Somebody’s Got to Build the Thing.

Day 0:2 was definitely looking like it was going to be a good day. The Lab Rats wanted to keep the temporary array they had going up until the containment building was finished. Simple compatibility tests for local flora and fauna did not require containment and were more important in the short term.

So I shouldered the 60 KG of Antibacterial Spray Sealant and had R. NUG and R Mycroft haul the heavy gear along to the excavation site. We were just in position when Joe Fortson wandered up and began to engage in the type of banter I swear that Cesar’s Legionnaires would have recognized if not understood. Joe finally getting down to business asked why I wanted the wood slabs. I explained to him my concept of how of how I was going to build the containment, even though I doubted that it would gives us adequate free space and that the rest really were going to become charcoal. Joe said I should hold to my plan and he would comm me if anything changed.

We had just finished squaring up the dirt walls and I was trying to figure how much space I could stabilize with the Sealant I had when Joe returned. What he had was worth its weight in gold. Rougher framing lumber I have never seen but, it had a beauty all of its own. “Damn Joe where did you cop this stuff?”

“Don’t thank me Andy,” he replied “Thank Bartlett, he’s in charge and said there is a load of roofing and flooring cuts in the next load.” He then proceeded to describe the problems with the self-gluing of the fresh cut wood and said he would be back.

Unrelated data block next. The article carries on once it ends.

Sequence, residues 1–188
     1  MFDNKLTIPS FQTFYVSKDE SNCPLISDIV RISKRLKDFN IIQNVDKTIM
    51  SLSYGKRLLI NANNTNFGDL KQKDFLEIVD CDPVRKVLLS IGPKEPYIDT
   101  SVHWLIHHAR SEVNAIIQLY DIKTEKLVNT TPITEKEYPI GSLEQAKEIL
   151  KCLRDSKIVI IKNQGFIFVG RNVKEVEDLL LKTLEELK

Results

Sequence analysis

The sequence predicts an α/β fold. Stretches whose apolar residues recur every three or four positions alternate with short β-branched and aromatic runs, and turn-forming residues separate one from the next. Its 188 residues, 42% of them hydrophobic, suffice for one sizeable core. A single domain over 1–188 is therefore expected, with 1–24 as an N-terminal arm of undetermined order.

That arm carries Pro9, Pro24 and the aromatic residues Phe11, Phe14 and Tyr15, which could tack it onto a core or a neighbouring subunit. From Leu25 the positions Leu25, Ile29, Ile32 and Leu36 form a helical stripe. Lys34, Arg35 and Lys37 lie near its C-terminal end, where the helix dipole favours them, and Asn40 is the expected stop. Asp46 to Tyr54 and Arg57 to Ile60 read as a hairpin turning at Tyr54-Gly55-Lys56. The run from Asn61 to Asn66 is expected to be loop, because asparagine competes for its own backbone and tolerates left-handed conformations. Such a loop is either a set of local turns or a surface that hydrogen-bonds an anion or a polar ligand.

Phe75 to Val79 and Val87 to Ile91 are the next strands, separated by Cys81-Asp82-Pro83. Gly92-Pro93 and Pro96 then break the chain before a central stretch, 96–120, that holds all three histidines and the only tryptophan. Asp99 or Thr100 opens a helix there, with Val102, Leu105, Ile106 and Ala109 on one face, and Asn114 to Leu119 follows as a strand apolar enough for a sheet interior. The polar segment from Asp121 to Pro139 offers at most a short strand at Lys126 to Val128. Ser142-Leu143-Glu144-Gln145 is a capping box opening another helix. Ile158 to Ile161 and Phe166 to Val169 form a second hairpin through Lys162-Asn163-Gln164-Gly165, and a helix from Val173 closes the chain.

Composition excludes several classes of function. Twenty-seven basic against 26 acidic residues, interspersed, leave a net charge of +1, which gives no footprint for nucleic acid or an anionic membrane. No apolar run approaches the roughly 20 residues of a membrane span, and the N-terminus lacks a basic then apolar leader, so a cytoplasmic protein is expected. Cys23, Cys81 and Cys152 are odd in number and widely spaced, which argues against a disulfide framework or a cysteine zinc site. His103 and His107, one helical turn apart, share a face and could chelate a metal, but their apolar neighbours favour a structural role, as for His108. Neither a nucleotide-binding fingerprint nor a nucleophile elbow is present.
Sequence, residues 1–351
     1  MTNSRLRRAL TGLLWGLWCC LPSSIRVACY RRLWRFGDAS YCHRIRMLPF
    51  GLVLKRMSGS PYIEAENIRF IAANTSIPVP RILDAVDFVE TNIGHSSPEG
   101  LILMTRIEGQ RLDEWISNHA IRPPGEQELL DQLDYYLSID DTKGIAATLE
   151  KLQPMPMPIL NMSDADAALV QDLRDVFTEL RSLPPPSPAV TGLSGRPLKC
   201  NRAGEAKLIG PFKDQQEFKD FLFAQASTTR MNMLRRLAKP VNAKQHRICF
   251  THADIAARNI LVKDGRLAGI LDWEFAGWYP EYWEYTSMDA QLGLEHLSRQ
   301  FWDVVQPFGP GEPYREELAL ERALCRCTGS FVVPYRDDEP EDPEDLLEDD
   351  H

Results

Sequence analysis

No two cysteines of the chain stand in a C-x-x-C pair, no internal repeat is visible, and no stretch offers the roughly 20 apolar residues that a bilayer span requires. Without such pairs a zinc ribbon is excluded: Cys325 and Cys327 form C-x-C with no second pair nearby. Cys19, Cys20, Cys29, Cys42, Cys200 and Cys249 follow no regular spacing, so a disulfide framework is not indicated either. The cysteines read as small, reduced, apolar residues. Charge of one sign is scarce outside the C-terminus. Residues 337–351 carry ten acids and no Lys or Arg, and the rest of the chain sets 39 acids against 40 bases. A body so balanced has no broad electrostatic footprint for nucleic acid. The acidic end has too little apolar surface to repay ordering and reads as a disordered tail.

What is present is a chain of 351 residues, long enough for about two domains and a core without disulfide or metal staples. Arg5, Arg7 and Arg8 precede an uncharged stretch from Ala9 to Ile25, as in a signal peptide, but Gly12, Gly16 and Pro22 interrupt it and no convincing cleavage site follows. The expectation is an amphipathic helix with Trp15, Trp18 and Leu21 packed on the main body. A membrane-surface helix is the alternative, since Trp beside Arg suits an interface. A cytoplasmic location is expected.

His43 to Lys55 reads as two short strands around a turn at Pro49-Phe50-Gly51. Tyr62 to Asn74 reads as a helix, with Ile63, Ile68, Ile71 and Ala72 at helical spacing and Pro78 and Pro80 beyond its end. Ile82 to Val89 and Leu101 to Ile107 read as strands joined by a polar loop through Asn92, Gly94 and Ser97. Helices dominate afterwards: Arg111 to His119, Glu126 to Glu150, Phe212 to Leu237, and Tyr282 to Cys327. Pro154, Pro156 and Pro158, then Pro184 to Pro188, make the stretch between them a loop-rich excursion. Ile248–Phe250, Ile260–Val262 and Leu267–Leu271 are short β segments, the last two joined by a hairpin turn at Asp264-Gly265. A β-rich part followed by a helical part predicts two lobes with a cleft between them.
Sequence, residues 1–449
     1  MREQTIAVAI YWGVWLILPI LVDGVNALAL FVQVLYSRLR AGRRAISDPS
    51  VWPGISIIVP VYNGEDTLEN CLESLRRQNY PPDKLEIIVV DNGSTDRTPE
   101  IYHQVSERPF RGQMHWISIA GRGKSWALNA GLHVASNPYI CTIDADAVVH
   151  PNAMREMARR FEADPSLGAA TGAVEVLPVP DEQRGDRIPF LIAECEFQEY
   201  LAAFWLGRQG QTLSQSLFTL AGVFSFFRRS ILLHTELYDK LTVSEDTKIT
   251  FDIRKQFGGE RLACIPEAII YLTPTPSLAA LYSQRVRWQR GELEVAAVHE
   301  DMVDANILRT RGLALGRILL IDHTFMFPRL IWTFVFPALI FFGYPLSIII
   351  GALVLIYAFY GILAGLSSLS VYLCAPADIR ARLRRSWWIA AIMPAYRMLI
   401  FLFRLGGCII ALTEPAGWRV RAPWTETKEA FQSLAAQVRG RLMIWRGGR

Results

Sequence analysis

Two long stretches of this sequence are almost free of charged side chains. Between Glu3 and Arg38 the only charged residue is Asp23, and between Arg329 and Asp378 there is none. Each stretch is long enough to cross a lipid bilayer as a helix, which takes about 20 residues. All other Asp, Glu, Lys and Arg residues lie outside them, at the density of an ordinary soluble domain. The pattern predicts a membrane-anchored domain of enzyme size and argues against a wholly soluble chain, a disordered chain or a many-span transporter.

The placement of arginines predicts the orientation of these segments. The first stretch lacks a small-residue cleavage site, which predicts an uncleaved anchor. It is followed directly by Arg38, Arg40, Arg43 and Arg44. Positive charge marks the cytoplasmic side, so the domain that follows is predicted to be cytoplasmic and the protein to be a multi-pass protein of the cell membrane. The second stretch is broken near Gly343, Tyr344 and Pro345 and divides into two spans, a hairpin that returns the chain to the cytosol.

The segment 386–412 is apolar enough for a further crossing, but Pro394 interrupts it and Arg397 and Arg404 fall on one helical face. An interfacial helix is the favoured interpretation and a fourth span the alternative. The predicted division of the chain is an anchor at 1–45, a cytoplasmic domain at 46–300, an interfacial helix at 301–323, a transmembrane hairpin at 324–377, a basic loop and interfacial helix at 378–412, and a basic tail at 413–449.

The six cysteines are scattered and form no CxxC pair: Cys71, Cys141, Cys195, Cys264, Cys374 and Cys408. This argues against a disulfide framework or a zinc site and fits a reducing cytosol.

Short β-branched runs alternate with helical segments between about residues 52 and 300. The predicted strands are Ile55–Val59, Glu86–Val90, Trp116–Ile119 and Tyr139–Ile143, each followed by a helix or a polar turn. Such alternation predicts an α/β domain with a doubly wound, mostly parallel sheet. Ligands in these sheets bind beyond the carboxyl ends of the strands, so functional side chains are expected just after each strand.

I then had the Metallic Duo start on taking the cut back another 20 Ft. into the hillside. I decided to play with our lumber and gauge its real potential. Taking a shoring piece and a cross member I used the energy knife from my survival kit to cut a fresh dovetail in each. Fitting the two together, I laid them aside and started on a second pair. When I finished the second pair, I checked on the first. They might as well been metal and welded together. I once had a professor who said that every problem is really a solution looking for a place to happen.

By the time, Joe returned we had a 16 x 32 foot frame with the frame for a dividing center wall anchored into the solid dirt. Joe’s look was worth the effort it had taken.

“How the frack did you do that?” Grinning I filled him in on the method we had used. “How,” he asked, “did you get a Top Secret energy blade out of the Armory on your way out the door?”

I gave him the dumbest stare in the world, “Joe, you mean this thing was classified?” When we had both finished our laughing fits, He headed back for the lumber operation. The robots and I began laying roof and floor.

We had just finished backfilling dirt on the roof when Dave Webber and to my surprise Kurt Kellerman came up with the massive storage cell carried by two bots’.

“Gentlemen,” I said, “She’s all yours! The pipe is in place to the top of the bluff for the solar array, the pad is ready for the storage cell in the back room and the sealant is in place. Y’all have a nice day. I’m going for a walk.”

Returning to the camp, I paused only long enough to pass the robots off to Mariana and walked down to the rivers edge. I was squatting and staring off at the falls when I heard Connor’s voice behind me, “What you thinking Andy?”

“That we have this big mother of a resource out there and we don’t have the energy base to exploit it.”

‘So,” He asked, “What are we going to do?”

Without looking back I asked, “Want to take a walk upriver in the morning?”

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Colony: Alchibah is a science fiction blog novel.
Any resemblance to persons living or dead is purely coincidental. Probably.

All Contents (written or photo/artwork) not attributed to other sources is
Copyright (C) 2006 - 2011 by Jeff Soyer. All rights reserved.